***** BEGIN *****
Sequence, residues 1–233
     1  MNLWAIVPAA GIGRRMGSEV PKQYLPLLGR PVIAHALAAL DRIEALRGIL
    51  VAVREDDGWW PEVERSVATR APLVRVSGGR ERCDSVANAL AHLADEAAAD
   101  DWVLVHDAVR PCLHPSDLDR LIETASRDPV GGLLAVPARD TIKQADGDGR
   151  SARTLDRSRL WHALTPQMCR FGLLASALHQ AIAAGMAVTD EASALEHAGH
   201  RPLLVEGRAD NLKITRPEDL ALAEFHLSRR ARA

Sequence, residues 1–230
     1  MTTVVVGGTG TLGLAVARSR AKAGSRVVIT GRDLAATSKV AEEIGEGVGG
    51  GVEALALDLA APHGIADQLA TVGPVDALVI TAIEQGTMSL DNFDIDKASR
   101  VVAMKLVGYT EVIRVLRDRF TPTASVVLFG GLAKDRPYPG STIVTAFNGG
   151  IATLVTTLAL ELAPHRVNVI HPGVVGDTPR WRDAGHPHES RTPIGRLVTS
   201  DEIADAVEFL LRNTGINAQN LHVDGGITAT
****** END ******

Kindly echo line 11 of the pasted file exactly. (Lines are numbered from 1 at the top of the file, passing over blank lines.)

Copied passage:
   151  IATLVTTLAL ELAPHRVNVI HPGVVGDTPR WRDAGHPHES RTPIGRLVTS